'The Final New York Session' is the subject of chapter five, which is called 'Hound Dog'. The session again took place after one of Elvis' television appearances in New York. This time he was on The Steve Allen Show at the Hudson Theatre on July 1 and performed 'I Want You, I Need You, I Love You' and 'Hound Dog', the same two songs he had also performed during his appearance on The Milton Berle Show one month before that had caused nationwide discussions for Elvis' body movements during 'Hound Dog'. The song was finally scheduled to be recorded in the studio on July 2, again at RCA Studio 1. This is arguably the most legendary of the 1956 sessions. It's a well-known anecdote that Elvis demanded more than 30 takes takes to get 'Hound Dog' on tape exactly the way he wanted it, the way he heard it in his mind, which was very different from Big Mama Thornton's original recording of the Leiber & Stoller composition. The seven-hour session yielded two more songs, 'Don't Be Cruel', which took almost as many takes as 'Hound Dog', and the ballad 'Any Way You Want Me (That's How I Will Be)'. 'Hound Dog' and 'Don't Be Cruel' would become the next two number one hits for Elvis.
At the end of March, Elvis had already done some screen-tests for film producer Hal Wallis and by the end of April, he had signed a contract for his first motion picture, which turned out to be a western for 20th Century Fox called The Reno Brothers, later re-titled Love Me Tender to capitalize on the successful single. Elvis began work on the film on August 22 and the recording sessions for the soundtrack are chronicled in chapter six of the book, which is of course called 'Love Me Tender'. Elvis recorded the majority of the four songs that would be released on the 'Love Me Tender' extended play in November on August 24 at 20th Century Fox's Stage 1 in Hollywood, California. This session yielded the songs 'We're Gonna Move', 'Poor Boy' and 'Love Me Tender', Elvis' final number one hit of 1956. The fourth song for the soundtrack, 'Let Me', as well as an additional third verse for 'Poor Boy' were recorded during the second Love Me Tender session, which was held on September 4 and 5, again at Fox's Stage 1. The final session for the film soundtrack was on October 1 for the recording of the end title version of ' Love Me Tender' at the same facility.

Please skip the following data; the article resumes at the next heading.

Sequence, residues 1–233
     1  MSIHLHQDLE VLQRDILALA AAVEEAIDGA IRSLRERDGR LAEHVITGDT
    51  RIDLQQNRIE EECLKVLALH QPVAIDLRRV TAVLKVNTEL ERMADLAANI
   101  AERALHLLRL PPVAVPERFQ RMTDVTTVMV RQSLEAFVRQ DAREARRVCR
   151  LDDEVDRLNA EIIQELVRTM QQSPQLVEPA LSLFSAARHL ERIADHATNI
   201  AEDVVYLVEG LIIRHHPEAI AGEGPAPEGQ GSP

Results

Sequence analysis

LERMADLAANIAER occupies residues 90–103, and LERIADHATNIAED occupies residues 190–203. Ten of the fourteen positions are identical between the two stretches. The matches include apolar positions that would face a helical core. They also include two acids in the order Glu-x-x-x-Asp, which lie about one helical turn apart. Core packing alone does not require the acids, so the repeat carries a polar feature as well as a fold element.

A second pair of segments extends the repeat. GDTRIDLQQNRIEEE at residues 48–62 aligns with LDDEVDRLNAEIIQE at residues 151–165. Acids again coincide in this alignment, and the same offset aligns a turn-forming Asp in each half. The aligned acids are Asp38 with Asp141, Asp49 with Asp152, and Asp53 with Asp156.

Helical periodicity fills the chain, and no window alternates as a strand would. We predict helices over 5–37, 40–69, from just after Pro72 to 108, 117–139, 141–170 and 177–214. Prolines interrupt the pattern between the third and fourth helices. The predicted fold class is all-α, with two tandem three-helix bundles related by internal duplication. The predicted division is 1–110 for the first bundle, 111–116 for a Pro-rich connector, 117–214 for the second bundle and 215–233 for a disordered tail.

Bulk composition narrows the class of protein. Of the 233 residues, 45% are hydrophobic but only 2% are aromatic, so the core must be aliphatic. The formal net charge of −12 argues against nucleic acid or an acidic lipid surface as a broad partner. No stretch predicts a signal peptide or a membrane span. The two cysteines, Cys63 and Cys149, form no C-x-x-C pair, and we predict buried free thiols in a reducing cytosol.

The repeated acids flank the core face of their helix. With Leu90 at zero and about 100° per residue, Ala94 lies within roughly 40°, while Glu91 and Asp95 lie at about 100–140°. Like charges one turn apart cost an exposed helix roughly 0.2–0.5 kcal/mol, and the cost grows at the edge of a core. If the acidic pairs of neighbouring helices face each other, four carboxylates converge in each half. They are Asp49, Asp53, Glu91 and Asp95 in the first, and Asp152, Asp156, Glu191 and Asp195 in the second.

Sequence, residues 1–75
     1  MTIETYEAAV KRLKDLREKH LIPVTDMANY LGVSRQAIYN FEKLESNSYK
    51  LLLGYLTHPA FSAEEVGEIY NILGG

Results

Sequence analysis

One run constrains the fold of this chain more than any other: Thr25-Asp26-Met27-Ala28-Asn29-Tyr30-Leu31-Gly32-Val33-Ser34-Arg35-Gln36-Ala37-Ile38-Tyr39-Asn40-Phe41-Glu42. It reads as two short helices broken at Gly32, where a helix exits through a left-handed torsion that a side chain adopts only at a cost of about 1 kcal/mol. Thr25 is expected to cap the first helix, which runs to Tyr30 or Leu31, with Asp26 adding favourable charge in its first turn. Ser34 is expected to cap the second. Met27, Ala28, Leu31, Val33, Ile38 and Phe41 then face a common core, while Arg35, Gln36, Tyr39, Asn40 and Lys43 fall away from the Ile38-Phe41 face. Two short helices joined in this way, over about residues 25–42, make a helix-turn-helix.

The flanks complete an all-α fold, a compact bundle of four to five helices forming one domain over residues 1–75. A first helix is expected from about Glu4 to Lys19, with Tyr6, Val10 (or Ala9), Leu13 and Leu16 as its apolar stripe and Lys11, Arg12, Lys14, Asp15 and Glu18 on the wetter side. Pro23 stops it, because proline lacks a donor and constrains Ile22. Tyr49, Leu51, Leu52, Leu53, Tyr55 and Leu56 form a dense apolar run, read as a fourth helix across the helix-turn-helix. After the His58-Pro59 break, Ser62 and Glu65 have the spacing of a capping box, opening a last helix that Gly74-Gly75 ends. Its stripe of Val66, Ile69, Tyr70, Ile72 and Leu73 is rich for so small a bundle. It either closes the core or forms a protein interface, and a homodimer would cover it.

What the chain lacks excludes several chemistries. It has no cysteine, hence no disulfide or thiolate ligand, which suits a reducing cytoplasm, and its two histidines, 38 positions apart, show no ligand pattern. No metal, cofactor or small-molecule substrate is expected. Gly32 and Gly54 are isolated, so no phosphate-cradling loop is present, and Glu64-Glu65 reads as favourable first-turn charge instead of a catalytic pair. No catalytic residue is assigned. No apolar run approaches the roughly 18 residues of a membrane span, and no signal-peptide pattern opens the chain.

Between the sessions for the Love Me Tender soundtrack and Elvis' acting work on the film's set, a three-day session for his second album was held at Radio Recorders in Hollywood. Chapter seven, 'Too Much', focuses on this session that lasted from September 1 to September 3 and was rather productive with Elvis and the musicians finishing 13 songs, enough for an album and a single. September 1 produced four songs, namely 'Playing for Keeps', 'Love Me', 'How Do You Think I Feel' and 'How's the World Treating You'. The following day, Elvis recorded the six songs 'When My Blue Moon Turns to Gold Again', 'Long Tall Sally', 'Old Shep', 'Paralyzed', 'Too Much' and 'Anyplace Is Paradise', and on the last day, 'Ready Teddy', 'First in Line' and 'Rip It Up' were added to the list of completed tracks. Except for Arthur Crudup's 'So Glad You're Mine', which was left over from the January New York session, all tracks on the final album, entitled Elvis, were taken from this September session at Radio Recorders and it makes for a more consistent listening experience than Elvis' first album, which was pieced together from new recordings and ones from the vault. 'Too Much' b/w 'Playing for Keeps' was released as a single and reached number one on the Billboard sales chart.